Japanese paper

If you've been following me for a while or attended one of my linocut workshops, you might have heard me talking about my favourite paper for linocut printing - Japanese HoSho paper. She's an off-white 90gsm acid free paper - beautifully thin but strong and you can see the ink from your block slowly appearing as you print with this paper.

Japanese paper is perfect for hand burnishing (printing by hand) - HoSho is available often in large pads (around A3 size) of 20 or so sheets - easy to tear off and cut down to size. HoSho paper grips the inked block very well and doesn't slip easily so it's great for beginners and more experienced printmakers alike.

The only downside I've found to using this paper - and it's a small downfall - is that when you are printing A3 sized blocks, HoSho is about an inch smaller than standard sized mounts and frames. This makes the prints difficult to frame and mount often - I've had mounts cut to size before for this paper type.


Camden linocut print on yellow lokta paper Stellabox Designs Haychley Webb

Nepalese Lokta and Thai Mulberry

I'm grouping these together here because they are my go-to paper choices for brightly coloured and fun papers. Both are incredible thin so perfect for printing my hand - either with a wooden spoon, baren or sometimes even with your fingers believe it or not.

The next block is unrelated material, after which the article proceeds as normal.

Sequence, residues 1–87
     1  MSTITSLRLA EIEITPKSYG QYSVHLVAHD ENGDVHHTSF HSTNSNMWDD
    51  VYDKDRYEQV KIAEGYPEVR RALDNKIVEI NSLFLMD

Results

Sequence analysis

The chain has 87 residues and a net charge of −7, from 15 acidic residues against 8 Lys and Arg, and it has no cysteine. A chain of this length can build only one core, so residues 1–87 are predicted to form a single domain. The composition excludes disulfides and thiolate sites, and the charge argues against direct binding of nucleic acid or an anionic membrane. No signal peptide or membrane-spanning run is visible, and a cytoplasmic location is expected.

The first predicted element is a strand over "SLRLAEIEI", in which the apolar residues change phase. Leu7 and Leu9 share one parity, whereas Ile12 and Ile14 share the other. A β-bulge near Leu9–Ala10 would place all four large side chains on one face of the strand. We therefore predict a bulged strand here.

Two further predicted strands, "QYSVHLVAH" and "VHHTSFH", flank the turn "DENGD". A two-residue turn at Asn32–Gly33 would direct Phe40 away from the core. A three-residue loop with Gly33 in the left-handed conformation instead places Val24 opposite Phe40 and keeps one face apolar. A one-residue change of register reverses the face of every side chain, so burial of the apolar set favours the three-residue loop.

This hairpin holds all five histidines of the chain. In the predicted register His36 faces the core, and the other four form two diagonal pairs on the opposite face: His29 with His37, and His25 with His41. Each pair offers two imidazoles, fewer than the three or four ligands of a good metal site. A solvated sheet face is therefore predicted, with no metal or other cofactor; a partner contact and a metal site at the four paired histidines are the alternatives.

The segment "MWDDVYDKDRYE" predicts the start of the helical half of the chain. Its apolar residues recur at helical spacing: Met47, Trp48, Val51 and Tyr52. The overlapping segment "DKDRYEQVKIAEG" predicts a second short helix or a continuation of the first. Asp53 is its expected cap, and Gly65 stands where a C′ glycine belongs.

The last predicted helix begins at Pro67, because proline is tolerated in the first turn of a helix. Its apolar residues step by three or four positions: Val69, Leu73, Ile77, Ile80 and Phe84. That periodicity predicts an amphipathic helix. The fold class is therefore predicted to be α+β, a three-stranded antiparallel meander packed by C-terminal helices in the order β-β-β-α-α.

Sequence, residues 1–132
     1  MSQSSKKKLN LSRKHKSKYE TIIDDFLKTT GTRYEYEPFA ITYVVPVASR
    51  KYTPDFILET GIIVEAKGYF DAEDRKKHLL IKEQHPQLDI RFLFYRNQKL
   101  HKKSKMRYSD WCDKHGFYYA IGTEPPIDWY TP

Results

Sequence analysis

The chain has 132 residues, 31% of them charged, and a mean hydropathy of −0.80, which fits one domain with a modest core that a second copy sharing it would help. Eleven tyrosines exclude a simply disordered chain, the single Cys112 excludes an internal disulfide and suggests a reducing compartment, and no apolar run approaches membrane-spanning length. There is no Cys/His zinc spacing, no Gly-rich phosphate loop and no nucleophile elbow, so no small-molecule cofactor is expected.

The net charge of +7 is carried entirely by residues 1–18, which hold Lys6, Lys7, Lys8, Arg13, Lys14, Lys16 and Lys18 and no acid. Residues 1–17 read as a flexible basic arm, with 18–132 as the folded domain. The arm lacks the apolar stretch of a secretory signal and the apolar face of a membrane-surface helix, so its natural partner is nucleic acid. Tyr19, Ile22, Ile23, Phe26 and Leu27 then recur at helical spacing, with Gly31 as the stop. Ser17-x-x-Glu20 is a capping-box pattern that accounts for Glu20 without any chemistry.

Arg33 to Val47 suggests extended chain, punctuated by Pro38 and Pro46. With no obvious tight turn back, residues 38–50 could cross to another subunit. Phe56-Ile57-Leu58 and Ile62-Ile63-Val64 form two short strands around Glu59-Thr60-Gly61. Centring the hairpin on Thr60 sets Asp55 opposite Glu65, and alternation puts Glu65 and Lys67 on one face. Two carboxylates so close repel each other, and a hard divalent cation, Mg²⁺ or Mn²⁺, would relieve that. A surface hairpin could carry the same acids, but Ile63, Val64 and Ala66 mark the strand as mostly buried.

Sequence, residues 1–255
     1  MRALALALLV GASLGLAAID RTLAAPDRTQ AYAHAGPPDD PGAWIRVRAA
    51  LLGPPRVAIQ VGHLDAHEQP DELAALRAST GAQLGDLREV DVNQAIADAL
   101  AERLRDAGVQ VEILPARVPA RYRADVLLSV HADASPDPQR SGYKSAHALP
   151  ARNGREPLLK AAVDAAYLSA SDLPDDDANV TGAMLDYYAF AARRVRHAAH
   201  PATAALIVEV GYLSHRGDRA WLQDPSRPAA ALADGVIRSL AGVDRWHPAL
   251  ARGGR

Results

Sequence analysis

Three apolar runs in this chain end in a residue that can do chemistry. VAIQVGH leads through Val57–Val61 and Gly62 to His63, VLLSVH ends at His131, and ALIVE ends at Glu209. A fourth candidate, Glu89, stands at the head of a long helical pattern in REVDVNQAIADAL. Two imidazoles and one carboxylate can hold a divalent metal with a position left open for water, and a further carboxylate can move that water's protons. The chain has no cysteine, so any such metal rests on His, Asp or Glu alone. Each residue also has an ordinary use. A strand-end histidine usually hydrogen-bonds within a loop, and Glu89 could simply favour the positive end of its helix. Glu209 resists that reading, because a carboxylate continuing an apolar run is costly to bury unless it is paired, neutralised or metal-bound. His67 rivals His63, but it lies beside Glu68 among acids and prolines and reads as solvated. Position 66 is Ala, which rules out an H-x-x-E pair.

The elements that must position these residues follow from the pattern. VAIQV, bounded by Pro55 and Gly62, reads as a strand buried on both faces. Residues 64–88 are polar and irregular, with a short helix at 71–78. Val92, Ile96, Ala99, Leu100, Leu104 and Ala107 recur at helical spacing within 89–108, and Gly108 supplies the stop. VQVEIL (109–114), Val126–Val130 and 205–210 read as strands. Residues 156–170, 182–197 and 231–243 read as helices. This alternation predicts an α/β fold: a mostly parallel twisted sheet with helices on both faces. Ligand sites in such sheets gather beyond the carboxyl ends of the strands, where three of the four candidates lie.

They are up to 80gsm and thus have to be handled gently to avoid bends and creases. Both are acid free.

These paper are often sold with a minimum order of x10 sheets, for example, and are usually clean cut (as opposed to a deckled edge).

The colours available in both of these paper types are incredible - I often choose the paper type early on in the planning stages of my linocuts and choosing the coloured paper to go with my black ink is excellent fun as it really enhances the print.

One thing to note if you aren't familiar with this type of paper is that it can be very unpredictable when ripped or cut down to size - the fibres in this paper make it easy to tear 'randomly' even when you are ripping the paper with a metal ruler.